There are products and features available from third parties and Oracle themselves to help protect data in a database. Oracle for instance focuses on the addons such as Database Vault or VPD or Encryption, masking and more; third parties focus in providing products to help analyse and secure data in databases. Some third parties provide network scanning and IDS / IPS / Firewall technologies

What about the cloud?

A lot of companies are moving data and their Oracle databases to the cloud. Whilst this makes sense from a budget perspective and that the cloud infrastructure is probably better in security terms than some on site data centres the fact that a database is badly designed and insecure on-premise doesn't magically change when that database is moved to the cloud. A database no matter where it is must be secured at the database level in terms of securing the data that is held and processed.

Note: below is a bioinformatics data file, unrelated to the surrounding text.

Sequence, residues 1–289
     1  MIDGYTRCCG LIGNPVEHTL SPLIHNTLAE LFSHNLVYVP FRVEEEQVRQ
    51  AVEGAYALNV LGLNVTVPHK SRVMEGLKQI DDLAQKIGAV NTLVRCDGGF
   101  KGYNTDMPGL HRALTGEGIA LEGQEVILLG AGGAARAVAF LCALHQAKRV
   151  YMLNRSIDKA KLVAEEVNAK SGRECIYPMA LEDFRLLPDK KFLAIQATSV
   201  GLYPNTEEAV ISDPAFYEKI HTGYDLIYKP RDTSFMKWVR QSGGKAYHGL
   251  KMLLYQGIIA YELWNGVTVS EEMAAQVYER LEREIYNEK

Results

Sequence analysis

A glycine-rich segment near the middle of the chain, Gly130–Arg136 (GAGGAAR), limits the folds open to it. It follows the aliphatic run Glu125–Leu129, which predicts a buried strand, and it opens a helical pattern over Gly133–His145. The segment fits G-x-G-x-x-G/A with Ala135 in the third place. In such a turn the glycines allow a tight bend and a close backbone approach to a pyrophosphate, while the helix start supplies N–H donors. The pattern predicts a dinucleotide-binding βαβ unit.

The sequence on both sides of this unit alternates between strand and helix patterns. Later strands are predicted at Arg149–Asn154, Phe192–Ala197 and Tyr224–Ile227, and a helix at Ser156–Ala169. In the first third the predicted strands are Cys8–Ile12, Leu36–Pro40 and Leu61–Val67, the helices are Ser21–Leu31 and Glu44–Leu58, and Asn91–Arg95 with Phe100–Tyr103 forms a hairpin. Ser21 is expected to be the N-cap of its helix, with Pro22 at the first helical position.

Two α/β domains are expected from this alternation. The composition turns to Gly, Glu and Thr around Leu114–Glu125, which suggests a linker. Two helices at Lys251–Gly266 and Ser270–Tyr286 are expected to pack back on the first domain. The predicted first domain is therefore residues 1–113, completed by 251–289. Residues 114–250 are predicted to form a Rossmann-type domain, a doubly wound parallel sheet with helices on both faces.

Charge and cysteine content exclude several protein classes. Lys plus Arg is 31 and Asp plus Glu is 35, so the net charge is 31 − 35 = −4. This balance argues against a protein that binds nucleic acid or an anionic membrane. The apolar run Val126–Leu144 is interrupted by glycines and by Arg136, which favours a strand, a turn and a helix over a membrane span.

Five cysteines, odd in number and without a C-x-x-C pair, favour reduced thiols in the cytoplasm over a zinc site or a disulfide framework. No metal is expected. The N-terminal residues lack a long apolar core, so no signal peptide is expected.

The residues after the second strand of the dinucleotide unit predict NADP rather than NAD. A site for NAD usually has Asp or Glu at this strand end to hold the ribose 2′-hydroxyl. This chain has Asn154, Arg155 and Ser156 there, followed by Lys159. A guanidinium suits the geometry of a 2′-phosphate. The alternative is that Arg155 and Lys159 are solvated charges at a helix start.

The ideal goal in terms of securing existing databases and particularly those going to the cloud is to just click a button and it is then secure or select a service with no customer input to it's setup except click deploy/install and we are protected.

We are not there yet and these ideal goals are hard to achieve with a click of a button but we can analyse and secure databases and we can detect attacks and do the work to secure databases piecemeal. Anyone running an Oracle database can do this. The key is to create a plan and understand what you budget is and what you want to achieve and what you can achieve with your budget.

This is planned to part one of three articles. The next parts coming soon are:

  • Review an Oracle Database for Security Issues and establish what needs to be done to secure your data with a discussion on how you can harden your databases

  • Detecting Attacks Against an Oracle Database

#oracleace #23c #21c #19c #cloud #oracle #security #lockdown #databreach